Tuesday, April 02, 2013

From Beyond The Grave

Carol Weekes and I co-wrote a story that was published recently in the Grinning Skull Press anthology From Beyond the Grave edited by Michael J. Evans.

For some, death is not the end. There are those who are doomed to walk the earth for all eternity, those who are trapped between one plain of existence and the next, those who, for whatever reason, cannot or will not let go of the lives they left behind. These are the vengeful spirits, the tortured souls, the ghosts that haunt our realm. Welcome to FROM BEYOND THE GRAVE, a collection of 19 original ghost stories

Our story, entitled "Face in the Window" involves increasingly annoying nocturnal visits from an old neighborhood drunk which seem to only get worse even after the old man dies.

Here is a brief scene from the opening of the story:

The dog usually barked at strange sounds in the night, but this time she simply sat up, the hair on her back bristling, and bolted up the stairs toward the bedrooms. Ron Nathan listened as her nails slid over the hardwood floors.  Judging from the direction of the sounds, she was scrambling under his bed.

    "Casey?" he called out to the terrier.

    She let out a mournful bark, then went still.

    "What the hell?"  He snapped his paperback closed and placed it on the coffee table, glancing at the clock on the wall.  It was a few minutes after midnight.  He became aware of just how quiet the house was when the refrigerator clicked on in the nearby kitchen, making him jump.

    Casey’s actions had raised goose bumps on his arms because she never acted this way.  Clearly, something significant had frightened his companion of five years.  He understood that a dog’s acute hearing could detect even minute changes well beyond the human auditory system, and he fought the urge to soar up the stairs after her and join her under the bed.

    "Casey!" he commanded, hoping to entice her back downstairs so that he could pick her up and carry her outside and show her that nothing was wrong.  The only times he’d seen her this frightened was when powerful summer storms shook the house with their crashing thunder.  It was autumn now, the storm season long past.  Occasionally someone would trek through his property, which cut a wide expanse between the woods and the road, or an animal would come sniffing around for food; raccoons mostly, sometimes foxes or coyotes.   It wasn’t an unusual thing around here. His house, what had been a neglected bed and breakfast Victorian affair dating back to the late 1800s, sat by itself on almost ten acres of land, most of it consisting of thick forest and a rambling field, one edge of which terminated at a robust flowing river.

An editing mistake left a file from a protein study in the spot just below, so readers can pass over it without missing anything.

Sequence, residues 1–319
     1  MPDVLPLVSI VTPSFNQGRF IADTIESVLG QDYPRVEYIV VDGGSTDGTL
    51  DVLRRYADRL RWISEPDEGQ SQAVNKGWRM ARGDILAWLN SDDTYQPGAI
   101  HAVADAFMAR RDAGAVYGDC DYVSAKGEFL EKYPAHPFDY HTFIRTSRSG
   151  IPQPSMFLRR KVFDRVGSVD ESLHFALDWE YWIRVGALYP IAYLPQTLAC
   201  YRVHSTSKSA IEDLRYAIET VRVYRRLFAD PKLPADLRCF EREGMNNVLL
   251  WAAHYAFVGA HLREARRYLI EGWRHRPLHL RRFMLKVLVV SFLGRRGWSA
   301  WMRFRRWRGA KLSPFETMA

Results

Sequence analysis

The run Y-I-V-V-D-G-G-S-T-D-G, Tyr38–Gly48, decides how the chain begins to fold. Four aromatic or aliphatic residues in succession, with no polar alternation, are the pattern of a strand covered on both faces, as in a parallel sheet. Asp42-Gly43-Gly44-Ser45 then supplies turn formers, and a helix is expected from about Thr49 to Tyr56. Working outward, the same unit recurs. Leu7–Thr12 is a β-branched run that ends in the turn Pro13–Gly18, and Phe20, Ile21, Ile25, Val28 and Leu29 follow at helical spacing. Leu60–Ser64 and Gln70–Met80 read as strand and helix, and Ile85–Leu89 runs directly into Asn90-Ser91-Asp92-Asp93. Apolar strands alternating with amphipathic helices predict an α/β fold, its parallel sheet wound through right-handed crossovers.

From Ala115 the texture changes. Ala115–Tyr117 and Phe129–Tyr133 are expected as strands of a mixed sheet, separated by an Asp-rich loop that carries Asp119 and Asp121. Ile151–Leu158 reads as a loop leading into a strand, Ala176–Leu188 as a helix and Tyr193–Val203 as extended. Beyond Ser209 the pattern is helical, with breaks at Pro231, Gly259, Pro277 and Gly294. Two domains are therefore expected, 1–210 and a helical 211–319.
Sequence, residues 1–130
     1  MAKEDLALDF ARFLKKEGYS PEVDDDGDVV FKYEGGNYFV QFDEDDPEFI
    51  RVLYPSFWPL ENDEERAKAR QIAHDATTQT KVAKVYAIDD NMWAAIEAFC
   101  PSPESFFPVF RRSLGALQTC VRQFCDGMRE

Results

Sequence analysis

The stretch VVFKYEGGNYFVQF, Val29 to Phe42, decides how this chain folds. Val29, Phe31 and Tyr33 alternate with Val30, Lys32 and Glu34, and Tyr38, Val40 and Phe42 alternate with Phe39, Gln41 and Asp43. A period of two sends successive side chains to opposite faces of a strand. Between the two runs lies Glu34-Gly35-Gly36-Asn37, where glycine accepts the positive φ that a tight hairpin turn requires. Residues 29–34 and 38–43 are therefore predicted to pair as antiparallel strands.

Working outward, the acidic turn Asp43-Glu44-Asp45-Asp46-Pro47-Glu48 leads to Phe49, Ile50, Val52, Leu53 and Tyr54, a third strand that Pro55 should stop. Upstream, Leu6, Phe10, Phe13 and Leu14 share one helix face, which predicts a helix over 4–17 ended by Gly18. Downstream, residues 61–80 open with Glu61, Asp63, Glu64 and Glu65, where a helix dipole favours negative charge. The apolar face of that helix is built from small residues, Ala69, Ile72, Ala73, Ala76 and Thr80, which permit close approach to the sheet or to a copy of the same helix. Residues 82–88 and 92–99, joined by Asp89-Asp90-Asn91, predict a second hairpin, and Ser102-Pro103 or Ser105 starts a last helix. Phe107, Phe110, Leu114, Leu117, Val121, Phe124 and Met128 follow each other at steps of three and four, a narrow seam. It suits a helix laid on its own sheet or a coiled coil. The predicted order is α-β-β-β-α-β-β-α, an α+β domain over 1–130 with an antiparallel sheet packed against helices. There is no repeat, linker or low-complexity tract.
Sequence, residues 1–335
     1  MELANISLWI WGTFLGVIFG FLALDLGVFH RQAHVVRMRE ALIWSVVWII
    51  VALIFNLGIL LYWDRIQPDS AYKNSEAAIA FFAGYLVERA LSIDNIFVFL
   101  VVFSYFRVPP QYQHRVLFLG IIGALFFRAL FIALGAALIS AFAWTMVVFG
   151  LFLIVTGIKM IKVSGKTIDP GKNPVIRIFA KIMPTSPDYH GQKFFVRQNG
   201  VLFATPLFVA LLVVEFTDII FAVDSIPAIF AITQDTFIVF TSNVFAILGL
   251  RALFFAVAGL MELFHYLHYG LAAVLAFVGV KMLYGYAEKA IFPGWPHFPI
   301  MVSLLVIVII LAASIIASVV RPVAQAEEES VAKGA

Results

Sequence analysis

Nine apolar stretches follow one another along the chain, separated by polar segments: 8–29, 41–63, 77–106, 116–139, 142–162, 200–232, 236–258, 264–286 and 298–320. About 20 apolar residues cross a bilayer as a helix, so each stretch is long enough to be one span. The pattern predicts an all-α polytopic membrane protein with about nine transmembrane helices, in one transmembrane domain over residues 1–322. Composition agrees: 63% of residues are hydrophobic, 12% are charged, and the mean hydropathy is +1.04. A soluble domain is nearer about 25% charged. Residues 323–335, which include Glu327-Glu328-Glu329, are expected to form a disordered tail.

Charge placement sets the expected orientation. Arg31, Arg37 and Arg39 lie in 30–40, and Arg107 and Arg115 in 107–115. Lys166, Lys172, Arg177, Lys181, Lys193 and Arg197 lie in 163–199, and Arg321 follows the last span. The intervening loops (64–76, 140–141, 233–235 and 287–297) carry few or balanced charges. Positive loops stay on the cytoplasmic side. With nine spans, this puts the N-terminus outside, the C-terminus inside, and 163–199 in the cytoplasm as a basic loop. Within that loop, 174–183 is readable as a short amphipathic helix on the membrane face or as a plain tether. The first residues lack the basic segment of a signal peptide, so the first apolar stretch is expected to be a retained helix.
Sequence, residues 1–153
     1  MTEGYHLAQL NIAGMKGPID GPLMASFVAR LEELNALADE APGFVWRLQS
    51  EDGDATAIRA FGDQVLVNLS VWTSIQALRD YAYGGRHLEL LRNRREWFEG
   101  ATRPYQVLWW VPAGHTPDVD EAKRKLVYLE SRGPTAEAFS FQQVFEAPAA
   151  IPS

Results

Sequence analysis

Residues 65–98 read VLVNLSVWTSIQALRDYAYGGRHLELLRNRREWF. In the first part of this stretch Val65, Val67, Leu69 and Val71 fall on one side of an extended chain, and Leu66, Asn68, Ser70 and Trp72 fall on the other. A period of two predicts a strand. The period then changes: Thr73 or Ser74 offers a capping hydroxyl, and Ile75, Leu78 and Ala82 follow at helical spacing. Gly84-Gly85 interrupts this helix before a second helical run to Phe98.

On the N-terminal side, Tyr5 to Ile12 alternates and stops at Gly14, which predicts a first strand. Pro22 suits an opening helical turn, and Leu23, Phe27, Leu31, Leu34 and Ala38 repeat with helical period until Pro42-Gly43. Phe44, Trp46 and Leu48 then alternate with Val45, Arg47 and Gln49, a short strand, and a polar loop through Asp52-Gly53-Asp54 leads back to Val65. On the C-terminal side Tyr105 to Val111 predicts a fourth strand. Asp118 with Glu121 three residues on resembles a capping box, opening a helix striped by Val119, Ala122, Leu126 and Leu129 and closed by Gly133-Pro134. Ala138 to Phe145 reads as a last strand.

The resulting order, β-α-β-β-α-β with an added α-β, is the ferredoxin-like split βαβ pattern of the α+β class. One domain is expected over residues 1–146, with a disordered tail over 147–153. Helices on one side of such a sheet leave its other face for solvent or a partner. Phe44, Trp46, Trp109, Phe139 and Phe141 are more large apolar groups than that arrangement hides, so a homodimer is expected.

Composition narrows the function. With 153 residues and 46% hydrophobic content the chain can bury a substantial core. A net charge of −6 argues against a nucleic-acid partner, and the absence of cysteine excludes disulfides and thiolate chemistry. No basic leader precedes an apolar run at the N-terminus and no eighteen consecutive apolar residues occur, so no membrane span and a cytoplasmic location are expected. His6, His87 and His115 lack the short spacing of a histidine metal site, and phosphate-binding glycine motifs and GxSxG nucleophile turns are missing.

Ron thought about the most regretful incident that happened a few nights ago—but that was over now.

    He went to move towards the stairs and bedrooms when a crash from the back of the house made him issue a short, high scream.  Casey emitted a low, rumbling snarl that carried all the way downstairs.  He ran into the kitchen and onto the back porch to stare out across a yard that, despite the porch lamps, was swept in shadows.

    Leaves drifted down from the maples and oaks festering in the yard.  A harvest moon illuminated sections of the yard in long, gold slashes.  A gust of wind whistled, picking up the leaves, breathing life into them once more and giving them one last ride before they began their slow decay and return to earth. It was a moist, but cool early November night, as if the season could not decide if Indian summer was over yet.  For a moment he thought he saw a face forming in the swirl of leaves and grass.  He blinked and it was gone.

The eBook, which contains 19 full length ghost stories and can be purchased for $4.99 at the following websites.

Kindle (Amazon)
Nook (Barnes & Noble)

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